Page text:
What happens to Brits who’ve returned from fighting for Islamic State in Syria and Iraq? Most would expect that they’d immediately fall into the criminal justice system, and wouldn’t then emerge for a very long time. Today it emerged that Home Secretary Sajid Javid had dropped Britain’s blanket opposition to the death penalty so that two Isis fighters from the group dubbed the ‘Beatles’ could be sent to the US. But in most cases, the question isn’t where someone will face justice, but whether they can face justice at all.
We know that there are hundreds of people who have returned from fighting for Islamic State. But what is less well-known is what happens when these individuals get back to Britain. A common assumption is that they go from Turkish detention centre to British jail, where they can regret their terrorist trip at Her Majesty’s Pleasure. But this assumption is wrong.
There are those who have clear evidence of wrongdoing against them, such as those ‘Beatles’ fighters. But then there are those who only have a suspicion of wrongdoing that is not backed up by any evidence.
I saw one such case when I visited three Brits detained in Turkey on suspicion of terrorism last year. I arrived at the detention centre in Izmir expecting to meet three angry young men, only to be told that I would in fact be interviewing a mother and her very young children.
These weren’t stereotypical jihadis caught on the border between Turkey and Syria, and awaiting the full might of the criminal justice system when they finally arrived back in Britain. In fact, when Nasra, as I’ll call her, and her children got back to London, they went home, rather than to a custody suite. This little family is far less unusual than you might think: in fact, very few suspected jihadis are convicted of any offence after they return to the UK from Syria or Iraq. Many of them are left to get on with their lives as before.
Nasra is British and was arrested by the Turkish authorities as she came back over the border from Syria with her dual Turkish-British national husband and children. They detained her on suspicion of terrorism and endangering national security, and spent a year trying to deport her. The husband, Oktay, was cleared in a Turkish court, but Nasra hasn’t been through the Turkish justice system at all. Initially, she refused to talk to officials, but once she discovered that even after she left the detention centre, she would still have to sign in every day, she grew more enthusiastic about deportation. It took months, though, for a DNA test to prove that her youngest child, who she held throughout our interview, was hers so that the Home Office would permit her to return. When we met, she had been there just short of a year, and was nearly on her way back to London.
You might think that being photographed, as Nasra was, on the Syrian border would be enough for the British courts to convict her of joining Islamic State. But British law does not currently consider travelling to Syria to be a criminal offence in itself, and there is no other evidence against this family. Nasra and her husband claim that they were actually set up: their story is that they were stopped while driving in Kilis, which is close to the border and has been witness to a number of arrests of returning jihadis. The police discovered that Nasra’s visa was out of date, and arrested them both.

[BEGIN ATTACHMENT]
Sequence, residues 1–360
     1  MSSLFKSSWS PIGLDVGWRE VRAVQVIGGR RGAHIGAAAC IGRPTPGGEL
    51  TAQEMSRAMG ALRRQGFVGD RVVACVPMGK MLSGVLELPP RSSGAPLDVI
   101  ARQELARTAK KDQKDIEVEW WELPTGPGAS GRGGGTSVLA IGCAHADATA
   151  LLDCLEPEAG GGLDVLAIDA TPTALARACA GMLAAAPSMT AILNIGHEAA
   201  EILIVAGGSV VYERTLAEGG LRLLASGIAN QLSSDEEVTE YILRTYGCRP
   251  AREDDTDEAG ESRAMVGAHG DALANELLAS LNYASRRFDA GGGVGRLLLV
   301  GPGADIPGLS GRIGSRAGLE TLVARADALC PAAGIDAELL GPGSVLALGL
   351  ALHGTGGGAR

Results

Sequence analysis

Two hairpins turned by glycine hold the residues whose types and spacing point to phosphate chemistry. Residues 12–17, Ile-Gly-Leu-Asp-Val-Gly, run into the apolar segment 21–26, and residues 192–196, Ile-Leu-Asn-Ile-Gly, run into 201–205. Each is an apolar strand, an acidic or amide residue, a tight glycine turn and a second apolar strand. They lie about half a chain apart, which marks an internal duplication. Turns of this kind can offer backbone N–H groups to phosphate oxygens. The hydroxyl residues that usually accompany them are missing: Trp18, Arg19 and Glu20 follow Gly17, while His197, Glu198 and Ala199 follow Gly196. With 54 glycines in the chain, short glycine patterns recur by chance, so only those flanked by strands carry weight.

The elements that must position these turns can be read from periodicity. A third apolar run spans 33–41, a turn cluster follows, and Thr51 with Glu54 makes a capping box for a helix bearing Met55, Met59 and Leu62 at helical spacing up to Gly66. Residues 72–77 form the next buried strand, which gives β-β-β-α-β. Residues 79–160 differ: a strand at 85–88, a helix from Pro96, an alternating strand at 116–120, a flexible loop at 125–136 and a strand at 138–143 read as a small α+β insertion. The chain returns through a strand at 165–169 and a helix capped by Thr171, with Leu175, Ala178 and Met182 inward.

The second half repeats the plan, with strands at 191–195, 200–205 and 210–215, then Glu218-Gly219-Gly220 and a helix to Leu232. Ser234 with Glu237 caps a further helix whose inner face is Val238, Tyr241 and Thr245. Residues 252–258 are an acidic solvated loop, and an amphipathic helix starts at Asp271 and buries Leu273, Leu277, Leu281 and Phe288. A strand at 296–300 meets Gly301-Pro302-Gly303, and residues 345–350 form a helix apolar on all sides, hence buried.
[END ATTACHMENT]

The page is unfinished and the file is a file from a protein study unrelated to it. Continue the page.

Then, she told me, they were driven to the border by soldiers. ‘They rounded up everybody, took us to – with guns and everything – the border and then they took a picture of us’. ‘They took us to a big field,’ claimed Oktay in a separate conversation. ‘And they told us to get onto our knees in a form of being captured.’
Turkey hardly has the best record on human rights at the moment, so it’s difficult to know who is telling the truth. Nasra’s account was confused and taking her back through key moments turned up slightly different versions each time. Initially she claimed that me asking about the Syrian border was the first she’d even heard that she was suspected of terrorism, though she later contradicted that, as did her husband.
Even if there were stronger evidence that Nasra had definitely been in Syria, which she denied vehemently, such as mobile phone records showing she was in Raqqa, this would not be enough to convict her. She was detained as part of a larger group who returned quickly to Britain as its members did not try to fight the deportation order. The Home Office is tight-lipped about what happened to these alleged associates, but recently Security Minister Ben Wallace told the House of Commons that only 40 of those 400 who had come back had been successfully prosecuted for ‘direct action they’ve carried out in Syria’.
So what happens to the rest of them? The British intelligence services do not have the resources to monitor all 400 people who’ve come back from Syria. They do, however, assess that a significant number of these people no longer pose a security risk. For those that do, there are Temporary Exclusion Orders, which might involve someone’s passport being taken away, or their re-entry to the UK being conditional on complying with the Prevent de-radicalisation programme. But that’s it. If there isn’t enough evidence to convict someone, then they have a right to a free life.
The government could change the law to make travelling to Syria a criminal offence in itself, as is the case in Australia, something Javid has already hinted at. Given investigators are hardly going to be able to collect CCTV evidence of someone in Homs, this is the only option really open to ministers. Beyond that, they have to hope that either Nasra really was stitched up, having merely overstayed her visa, or that any longings for jihad that she and the others deported back to this country once held have now evaporated.